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Linux has made it to Mars

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His laser-eye came from a souvenir shop on a boardwalk.

But it was just a frequency carrier for a microsoft program that made tanks and jeeps disappear.

He works in an Amazon warehouse now.

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22 minutes ago, Huaco Kid said:

Klaatu ran on linux.

His laser-eye came from a souvenir shop on a boardwalk.

But it was just a frequency carrier for a microsoft program that made tanks and jeeps disappear.

He works in an Amazon warehouse now.

 

Klaatu didn't have a lazer-eye.

You thinkin' bout Gort.

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Gort was a whimsical alien that lived in the Rocky Mountains.

He flew around in an egg.

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13 hours ago, Huaco Kid said:

Gort was a whimsical alien that lived in the Rocky Mountains.

He flew around in an egg.

Shazbot!

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This thread title draws me back to the days of yore and my callow youth.

I recall installing Xenix on an IBM-XT class computer around 1979 or 1980.  the entire operating system came on one 5.5 inch diskette, I think.

I also worked with  the real UNIX, but a license for that was just too expensive for the average user.

I remember installing Red Hat Linux around ten years later.  Again, the whole operating system came of a diskette from the back of a book on Linux and I have been using Red Hat and Fedora ever since.

Many embedded systems for electronic devices were Linux kernels.

Who remembers using TELNET  to talk to things?

Dang, I'm old.

 

NB we used a modified, proprietary version of UNIX in the F/A-18 avionics.

Don't tell anybody.

Edited by tous

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21 minutes ago, tous said:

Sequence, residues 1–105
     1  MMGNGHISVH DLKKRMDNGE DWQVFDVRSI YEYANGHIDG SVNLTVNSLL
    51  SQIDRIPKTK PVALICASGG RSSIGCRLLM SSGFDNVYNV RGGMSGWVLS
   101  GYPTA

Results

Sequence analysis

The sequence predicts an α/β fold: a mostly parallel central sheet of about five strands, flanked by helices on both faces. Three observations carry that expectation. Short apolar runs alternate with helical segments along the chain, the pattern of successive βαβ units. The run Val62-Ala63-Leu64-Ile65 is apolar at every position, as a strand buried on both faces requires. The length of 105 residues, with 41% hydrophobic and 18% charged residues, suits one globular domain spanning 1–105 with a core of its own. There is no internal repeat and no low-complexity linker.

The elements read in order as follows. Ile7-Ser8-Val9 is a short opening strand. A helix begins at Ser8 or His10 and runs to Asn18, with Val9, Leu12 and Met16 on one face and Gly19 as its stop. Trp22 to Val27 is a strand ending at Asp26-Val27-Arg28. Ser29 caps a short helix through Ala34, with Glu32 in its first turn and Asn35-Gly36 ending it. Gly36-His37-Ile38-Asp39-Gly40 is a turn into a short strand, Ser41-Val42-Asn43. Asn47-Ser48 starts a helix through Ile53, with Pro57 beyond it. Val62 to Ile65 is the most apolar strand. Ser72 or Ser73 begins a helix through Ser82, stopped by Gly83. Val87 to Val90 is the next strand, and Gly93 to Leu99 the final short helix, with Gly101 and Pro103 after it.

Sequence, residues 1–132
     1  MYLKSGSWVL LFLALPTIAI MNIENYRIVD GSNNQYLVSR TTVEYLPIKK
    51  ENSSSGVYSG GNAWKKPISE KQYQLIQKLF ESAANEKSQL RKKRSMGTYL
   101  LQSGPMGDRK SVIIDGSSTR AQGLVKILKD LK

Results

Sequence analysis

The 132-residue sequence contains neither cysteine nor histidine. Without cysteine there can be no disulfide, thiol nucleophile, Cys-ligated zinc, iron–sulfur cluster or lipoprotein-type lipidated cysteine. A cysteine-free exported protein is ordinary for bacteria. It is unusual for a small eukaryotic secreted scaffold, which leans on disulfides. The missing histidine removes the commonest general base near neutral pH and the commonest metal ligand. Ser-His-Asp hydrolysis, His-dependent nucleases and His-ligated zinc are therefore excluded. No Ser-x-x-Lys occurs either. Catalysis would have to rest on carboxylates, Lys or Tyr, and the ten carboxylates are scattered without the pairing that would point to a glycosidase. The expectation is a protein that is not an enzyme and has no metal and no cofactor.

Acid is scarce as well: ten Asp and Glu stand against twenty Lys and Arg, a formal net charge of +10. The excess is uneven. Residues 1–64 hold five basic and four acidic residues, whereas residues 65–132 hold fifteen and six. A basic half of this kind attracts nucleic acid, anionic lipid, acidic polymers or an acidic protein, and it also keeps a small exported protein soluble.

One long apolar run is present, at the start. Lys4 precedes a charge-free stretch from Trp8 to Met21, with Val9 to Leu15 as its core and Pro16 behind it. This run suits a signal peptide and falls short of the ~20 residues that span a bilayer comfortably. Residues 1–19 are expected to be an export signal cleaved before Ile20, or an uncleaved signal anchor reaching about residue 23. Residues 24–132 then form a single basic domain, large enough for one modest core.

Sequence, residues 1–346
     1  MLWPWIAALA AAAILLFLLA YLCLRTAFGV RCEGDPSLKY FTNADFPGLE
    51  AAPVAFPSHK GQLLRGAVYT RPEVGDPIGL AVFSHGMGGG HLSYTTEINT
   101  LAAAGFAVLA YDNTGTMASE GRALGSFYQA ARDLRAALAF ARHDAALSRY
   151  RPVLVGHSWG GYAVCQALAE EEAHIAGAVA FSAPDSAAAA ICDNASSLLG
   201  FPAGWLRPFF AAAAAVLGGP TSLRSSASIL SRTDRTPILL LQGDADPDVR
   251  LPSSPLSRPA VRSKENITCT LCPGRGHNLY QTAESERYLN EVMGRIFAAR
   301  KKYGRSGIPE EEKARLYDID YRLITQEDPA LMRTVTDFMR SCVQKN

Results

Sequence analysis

Who remembers using TELNET  to talk to things?

Dang, I'm old.

I remember all those things...and Telnet.

Hell, i used Putty today to ensure i was able to remove 48 drives from a storage array and move them across town install about half of them.

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22 minutes ago, tous said:

Many embedded systems for electronic devices were Linux kernels.

 

This  is almost an understatement.   Linux runs just about everything.

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And we did most of it from an asynchronous, serial terminal with green characters on a black background, often a VT100.

Who remembers what 0x7 character does?

We're old.

:biggrin:

 

Edited by tous
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Too bad that IRMA couldn't talk to a System 38.

They had a PC card for that, too.

 

NB  The IBM 3270 terminal weighed 256 kilograms and required nine billion watts of electricity and put out enough heat to warm a small town..

If I recall, the keyboard  had 16 PF keys.

No one ever knew what they all did.

But, it beat keypunched cards.

:fred:

 

 

Edited by tous
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